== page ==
An internationally-recognized expert in education shared his perspective on the responsibilities of teachers at an Alumni Lounges luncheon held prior to the Diversity Convocation on Wednesday afternoon.
Dr. Kevin K. Kumashiro, who has authored and edited a combined 10 books and delivered lectures on education throughout the world, was introduced to an audience of about 90 faculty and administration members by Ramapo’s chief equity and diversity officer Nicole Morgan Agard and President Mercer.
“Dr. Kumashiro’s idea of education and the role of the teacher is to empower the student,” Mercer said in his opening remarks. He characterized Kumashiro’s work as a “call on educators to critically examine the everyday decisions of teaching and learning in an effort to design education that is anti-oppressive and affirms social justice.”
Kumashiro framed his 30-minute lecture as an examination of “four lenses for reading the world,” which he described as concepts important to his work in identifying problems in education. He described lenses in this context as an individual’s point of view, which is affected by countless internalized experiences.
“Our life experiences are constantly creating and changing the lens through which we look through to make sense of the world around us,” he said, illustrating his point by describing an imaginary romantic couple with a “special song.”
The song is perceived positively by the couple during their relationship and negatively when they break up.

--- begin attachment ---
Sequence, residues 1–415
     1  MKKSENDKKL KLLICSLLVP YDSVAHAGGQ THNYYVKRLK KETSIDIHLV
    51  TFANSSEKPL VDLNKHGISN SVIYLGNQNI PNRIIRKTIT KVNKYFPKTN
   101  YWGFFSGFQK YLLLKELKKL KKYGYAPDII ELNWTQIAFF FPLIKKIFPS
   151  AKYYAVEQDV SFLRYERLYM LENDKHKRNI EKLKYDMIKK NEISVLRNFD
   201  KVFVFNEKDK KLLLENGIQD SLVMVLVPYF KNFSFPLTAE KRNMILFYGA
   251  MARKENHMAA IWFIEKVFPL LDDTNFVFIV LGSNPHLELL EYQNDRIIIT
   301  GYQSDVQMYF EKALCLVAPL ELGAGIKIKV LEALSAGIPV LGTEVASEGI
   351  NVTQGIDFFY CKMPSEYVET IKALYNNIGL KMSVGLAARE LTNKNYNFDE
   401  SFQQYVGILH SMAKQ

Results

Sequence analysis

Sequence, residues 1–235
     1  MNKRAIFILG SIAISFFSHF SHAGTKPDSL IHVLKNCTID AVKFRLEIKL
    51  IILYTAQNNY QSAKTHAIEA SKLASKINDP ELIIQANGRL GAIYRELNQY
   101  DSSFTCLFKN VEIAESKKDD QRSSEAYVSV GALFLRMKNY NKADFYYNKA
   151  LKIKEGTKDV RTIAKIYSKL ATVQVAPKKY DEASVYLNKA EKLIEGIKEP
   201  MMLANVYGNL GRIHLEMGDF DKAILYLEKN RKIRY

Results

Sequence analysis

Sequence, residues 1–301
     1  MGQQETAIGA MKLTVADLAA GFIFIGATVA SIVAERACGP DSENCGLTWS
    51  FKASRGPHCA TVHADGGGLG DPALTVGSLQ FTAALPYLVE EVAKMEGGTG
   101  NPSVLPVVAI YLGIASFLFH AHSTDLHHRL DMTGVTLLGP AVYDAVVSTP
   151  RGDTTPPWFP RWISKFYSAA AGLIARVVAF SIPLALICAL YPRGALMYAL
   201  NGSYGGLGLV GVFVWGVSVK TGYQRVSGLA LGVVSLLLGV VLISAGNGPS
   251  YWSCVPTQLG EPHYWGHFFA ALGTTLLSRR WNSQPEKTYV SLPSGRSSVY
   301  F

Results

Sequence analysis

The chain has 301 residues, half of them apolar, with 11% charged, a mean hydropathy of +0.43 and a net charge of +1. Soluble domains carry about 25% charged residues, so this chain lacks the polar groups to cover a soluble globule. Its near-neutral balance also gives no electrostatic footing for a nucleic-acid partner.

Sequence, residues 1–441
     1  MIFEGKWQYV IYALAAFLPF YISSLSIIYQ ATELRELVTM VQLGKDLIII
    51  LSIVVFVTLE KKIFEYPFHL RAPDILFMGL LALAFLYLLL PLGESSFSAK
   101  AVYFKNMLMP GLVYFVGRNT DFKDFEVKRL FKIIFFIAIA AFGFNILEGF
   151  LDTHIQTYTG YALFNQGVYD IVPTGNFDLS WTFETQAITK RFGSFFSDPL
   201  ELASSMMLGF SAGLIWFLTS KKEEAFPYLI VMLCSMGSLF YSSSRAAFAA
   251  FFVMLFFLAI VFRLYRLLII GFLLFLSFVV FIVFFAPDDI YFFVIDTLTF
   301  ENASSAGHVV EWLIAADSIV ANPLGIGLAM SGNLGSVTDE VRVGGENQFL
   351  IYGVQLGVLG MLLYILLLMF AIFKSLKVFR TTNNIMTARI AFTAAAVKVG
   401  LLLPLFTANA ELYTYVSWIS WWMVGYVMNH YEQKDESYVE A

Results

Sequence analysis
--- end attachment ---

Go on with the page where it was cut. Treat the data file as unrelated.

“Our job in education isn’t to insist that everyone look through my lens. Our job… is to grapple with the recognition that every lens is partial,” he continued.
According to Kumashiro, “the problem of common sense” represents a major hurdle in discussions regarding education. He argued the lens of “common sense” has changed drastically over time, pointing to an early (male-dominated) American education system that touted imposed limitations on female education as common sense.
There is no reason to believe current common sense is any less mutable then the past’s. To this end, Kumashiro cited test scores, competition between schools and September-June academic calendars as contemporary educational concepts supported “by both ends of the political spectrum” that lack a substantial basis in research.
Teachers and administrators should be unafraid to explore options not accepted by established opinion in their efforts to improve their students’ academic experience both inside and outside the classroom.
“Education is not about affirming the common sense of our time,” Kumashiro said. “Education should be about grappling with the status quo.”
Returning to the luncheon’s theme of diversity and equity, Kumashiro addressed the U.S. education system as a whole.
“The reality is we never created schools for equal educational opportunity,” he said. “We created schools in this country for only the most elite, and as we were forced to integrate more and more, we just came up with more ways to divide and sort them.”
Education in the U.S., according to Kumashiro, has always been about “dividing and sorting” its citizens and attaining national goals: Colonial Americans were schooled in order to impart a moral education and allow for socialization, while the prioritization of STEM in U.S. curriculums during the Cold War furthered “imperialism and global domination.”
Kumashiro concluded his lecture by arguing large-scale change in the field of education can only occur when policy changes are paired with similar changes in national consciousness. This can only occur when the premise of the status quo is challenged by educators.
“We must offer a different story of what is possible,” Kumashiro said.